Treatment

How is testicular cancer treated?

Testicular cancer is almost always curable if it is found early. This disease responds well to treatment, even if it has spread to other parts of the body. Overall, testicular cancer has a survival rate of 95%. (Ministry of Health stats)

Before Treatment

 

When testicular cancer is diagnosed, it is important to find out the extent, or stage, of the disease (whether it has spread from the testicle to other parts of the body). Staging procedures include a thorough physical exam, blood tests, scans, and, in rare cases, additional surgery.

Men will have a CT or (CAT) scan of their abdomen and chest. A CT scan is a series of x-rays of specific areas of the body that helps the doctors see if the cancer has spread. In some circumstances a Positron Emission Tomography, or PET scan may be helpful.

Special blood tests can also reveal certain substances produced by some testicular cancers in the blood. These substances are called tumour markers. The levels of specific tumour markers in the blood can help the doctor determine what type of testicular cancer the patient has, how advanced it is, and whether there are signs of the tumour surviving or returning after treatment.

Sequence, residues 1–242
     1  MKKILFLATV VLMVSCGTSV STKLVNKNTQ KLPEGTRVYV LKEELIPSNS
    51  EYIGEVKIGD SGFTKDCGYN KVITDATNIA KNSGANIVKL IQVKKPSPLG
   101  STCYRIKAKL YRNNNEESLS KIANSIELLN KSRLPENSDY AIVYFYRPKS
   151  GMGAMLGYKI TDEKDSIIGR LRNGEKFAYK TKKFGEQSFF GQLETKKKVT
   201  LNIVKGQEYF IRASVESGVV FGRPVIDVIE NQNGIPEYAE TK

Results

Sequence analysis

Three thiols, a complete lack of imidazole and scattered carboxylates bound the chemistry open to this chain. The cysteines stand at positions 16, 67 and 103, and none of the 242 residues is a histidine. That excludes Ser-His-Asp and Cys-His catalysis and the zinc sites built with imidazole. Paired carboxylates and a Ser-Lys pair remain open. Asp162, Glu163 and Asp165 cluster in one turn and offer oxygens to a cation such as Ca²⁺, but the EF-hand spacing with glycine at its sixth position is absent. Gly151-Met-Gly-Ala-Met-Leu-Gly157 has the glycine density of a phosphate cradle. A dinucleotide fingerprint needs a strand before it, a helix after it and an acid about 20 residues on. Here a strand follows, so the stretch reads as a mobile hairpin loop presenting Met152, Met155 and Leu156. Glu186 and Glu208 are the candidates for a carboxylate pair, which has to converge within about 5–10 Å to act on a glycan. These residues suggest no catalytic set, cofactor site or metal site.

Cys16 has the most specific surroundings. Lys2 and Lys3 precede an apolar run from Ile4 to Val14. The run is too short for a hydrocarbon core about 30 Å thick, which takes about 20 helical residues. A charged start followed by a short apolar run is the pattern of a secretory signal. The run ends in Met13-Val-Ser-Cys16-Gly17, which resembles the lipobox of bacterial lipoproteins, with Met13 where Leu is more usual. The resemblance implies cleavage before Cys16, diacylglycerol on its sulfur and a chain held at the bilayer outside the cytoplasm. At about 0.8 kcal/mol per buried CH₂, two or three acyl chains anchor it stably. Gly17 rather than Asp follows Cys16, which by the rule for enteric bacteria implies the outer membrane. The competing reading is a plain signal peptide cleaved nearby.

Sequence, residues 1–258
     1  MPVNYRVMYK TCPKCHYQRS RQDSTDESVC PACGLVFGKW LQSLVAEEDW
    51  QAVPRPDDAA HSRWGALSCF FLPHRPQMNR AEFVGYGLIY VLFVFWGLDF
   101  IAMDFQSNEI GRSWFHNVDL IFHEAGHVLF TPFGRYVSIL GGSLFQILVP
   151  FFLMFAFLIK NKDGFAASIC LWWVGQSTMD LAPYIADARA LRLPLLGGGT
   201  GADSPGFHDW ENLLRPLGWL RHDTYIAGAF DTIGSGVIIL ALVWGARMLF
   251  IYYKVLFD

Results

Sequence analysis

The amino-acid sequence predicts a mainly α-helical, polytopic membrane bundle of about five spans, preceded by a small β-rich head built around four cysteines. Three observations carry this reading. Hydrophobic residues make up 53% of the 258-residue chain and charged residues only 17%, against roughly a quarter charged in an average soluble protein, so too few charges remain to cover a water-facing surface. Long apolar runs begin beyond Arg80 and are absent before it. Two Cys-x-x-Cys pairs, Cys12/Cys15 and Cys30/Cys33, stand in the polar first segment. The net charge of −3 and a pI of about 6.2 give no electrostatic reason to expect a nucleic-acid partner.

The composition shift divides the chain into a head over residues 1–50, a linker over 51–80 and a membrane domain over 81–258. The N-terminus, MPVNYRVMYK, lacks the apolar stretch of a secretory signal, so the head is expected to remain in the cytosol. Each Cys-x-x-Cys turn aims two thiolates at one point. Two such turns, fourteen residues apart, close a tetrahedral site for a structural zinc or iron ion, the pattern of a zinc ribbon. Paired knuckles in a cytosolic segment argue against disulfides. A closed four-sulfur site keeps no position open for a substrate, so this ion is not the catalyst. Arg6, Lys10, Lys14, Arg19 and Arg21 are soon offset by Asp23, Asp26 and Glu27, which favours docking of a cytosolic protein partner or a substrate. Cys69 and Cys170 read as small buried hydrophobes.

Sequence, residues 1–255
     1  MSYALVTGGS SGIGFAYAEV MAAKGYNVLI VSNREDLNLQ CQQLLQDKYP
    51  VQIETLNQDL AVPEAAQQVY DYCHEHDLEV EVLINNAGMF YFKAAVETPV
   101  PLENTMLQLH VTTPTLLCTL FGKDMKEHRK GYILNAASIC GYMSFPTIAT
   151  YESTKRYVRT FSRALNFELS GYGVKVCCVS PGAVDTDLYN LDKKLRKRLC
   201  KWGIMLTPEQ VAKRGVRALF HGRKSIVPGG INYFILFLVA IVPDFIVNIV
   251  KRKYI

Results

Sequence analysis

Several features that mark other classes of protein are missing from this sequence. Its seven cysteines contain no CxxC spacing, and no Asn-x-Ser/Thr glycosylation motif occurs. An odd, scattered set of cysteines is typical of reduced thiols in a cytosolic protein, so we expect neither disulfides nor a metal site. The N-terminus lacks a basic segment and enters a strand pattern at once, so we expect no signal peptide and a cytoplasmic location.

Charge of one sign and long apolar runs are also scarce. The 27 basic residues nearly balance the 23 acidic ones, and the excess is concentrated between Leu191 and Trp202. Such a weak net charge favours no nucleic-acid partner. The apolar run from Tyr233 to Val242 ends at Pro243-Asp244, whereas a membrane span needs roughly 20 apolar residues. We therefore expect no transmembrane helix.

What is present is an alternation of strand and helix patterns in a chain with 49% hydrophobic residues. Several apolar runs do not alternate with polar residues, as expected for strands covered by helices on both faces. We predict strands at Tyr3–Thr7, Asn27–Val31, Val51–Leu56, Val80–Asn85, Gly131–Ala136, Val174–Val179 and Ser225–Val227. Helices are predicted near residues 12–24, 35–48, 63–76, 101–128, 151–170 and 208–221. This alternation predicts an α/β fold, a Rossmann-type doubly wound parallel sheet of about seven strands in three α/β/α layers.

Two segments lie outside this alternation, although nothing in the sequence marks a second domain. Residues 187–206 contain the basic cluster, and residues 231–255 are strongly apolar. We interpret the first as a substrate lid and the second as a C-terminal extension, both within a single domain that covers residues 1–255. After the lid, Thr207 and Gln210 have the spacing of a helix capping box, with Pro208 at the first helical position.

Treatment Methods

Treatment virtually always begins with the surgical removal of the testicle. The rare exception to the rule is if surgery is not possible for some reason. Although this is difficult to accept for many men, the testicle with cancer will usually not be producing healthy sperm effectively, and may not be producing testosterone. Even if the testicle is functioning, the other testicle almost always functions well enough alone after the surgery to maintain fertility and testosterone levels.